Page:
The fourth point, we have not that much spoken about this. But it’s implementation of a consistent global manufacturing strategy, consistent with our international development, but considering first, potentially, to leverage on ERYTECH’s Lyon facility but also consolidating our strategic industrial partnership that we have with specific CMOs. And the last point, which is not the least, is the intensification of the business development activities — and I will come back just afterwards on this point — through new research collaboration beyond AMR and also the acceleration of our market access strategy consisting just beyond the development of the asset strategies that I’ve presented.

We have the status. We are interested in considering other options, enabling early access market launch. Because this AAC status, which is the first regulatory registration, is also, for us, paving the way for early access pathway. And it’s really something that we want to push.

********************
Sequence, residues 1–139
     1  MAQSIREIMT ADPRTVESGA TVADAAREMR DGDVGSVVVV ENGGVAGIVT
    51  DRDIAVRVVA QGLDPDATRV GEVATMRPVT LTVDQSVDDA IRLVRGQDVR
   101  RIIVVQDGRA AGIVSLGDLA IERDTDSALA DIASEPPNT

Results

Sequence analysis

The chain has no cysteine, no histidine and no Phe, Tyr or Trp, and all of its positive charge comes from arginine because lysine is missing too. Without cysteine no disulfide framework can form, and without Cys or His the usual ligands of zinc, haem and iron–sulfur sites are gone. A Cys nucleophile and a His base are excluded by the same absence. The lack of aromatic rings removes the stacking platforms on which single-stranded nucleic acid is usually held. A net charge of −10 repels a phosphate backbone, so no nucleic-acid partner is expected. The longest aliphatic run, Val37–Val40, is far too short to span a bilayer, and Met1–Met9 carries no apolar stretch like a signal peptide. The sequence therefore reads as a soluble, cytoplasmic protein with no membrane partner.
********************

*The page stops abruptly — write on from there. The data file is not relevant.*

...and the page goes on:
If we move to the slide number 16 — yes. I just would like to comment a bit on our business strategy. Our business strategy is really to create value in the clinically AMR core business. Because our core business remain to conduct clinical trials in AMR and leveraging, in this first , our now extensive phage portfolio to look for robust and comprehensive clinical proof-of-concept demonstration.

Beyond AMR, we also have a strategic objective to complement this core business strategy, leveraging on technology value proposition, as already explained, made of phage, endolysin, and carriers, that we can now — that we will, thanks to ERYTECH, propose in the context of a strategic combination between ERYTECH and Pherecydes.

As you’ll see on this slide, in human health, we could consider, potentially, microbiota. But in the non-human field, cosmetic, agro, veterinary — a different domain in which specific regulatory constraint of customer needs may push endolysin versus phage or in which specific carriers might be developed for phage or endolysin. And in this respect, red blood cells or vesicles developed by ERYTECH, or even phage, are very interesting carriers platforms to investigate.

In this area, the objective is to establish, in the upcoming years, ’23, ’24, strategic research collaboration with the industrial leader; valuing this technological asset portfolio made of phage, endolysin, and carriers; and valuing, in a way as well, all our developed capabilities.